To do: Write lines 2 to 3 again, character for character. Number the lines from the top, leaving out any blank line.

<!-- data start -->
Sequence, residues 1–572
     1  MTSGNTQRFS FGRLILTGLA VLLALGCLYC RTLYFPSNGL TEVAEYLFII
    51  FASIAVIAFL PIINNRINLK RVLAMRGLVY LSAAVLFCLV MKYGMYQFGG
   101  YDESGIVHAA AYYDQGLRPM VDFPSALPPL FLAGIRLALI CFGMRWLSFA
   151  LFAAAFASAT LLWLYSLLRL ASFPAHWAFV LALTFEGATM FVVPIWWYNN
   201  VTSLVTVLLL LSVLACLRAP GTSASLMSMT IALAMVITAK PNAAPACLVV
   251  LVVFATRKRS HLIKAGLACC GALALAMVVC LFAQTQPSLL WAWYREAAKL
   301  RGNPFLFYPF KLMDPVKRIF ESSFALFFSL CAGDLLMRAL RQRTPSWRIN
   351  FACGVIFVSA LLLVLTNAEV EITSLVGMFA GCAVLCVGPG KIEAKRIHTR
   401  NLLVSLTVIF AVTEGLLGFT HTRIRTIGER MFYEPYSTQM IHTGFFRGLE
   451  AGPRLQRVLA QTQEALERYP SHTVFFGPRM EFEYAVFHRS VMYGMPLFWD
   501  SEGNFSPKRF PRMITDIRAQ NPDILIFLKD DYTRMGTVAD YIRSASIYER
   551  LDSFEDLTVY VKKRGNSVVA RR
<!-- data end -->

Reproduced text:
     1  MTSGNTQRFS FGRLILTGLA VLLALGCLYC RTLYFPSNGL TEVAEYLFII
    51  FASIAVIAFL PIINNRINLK RVLAMRGLVY LSAAVLFCLV MKYGMYQFGG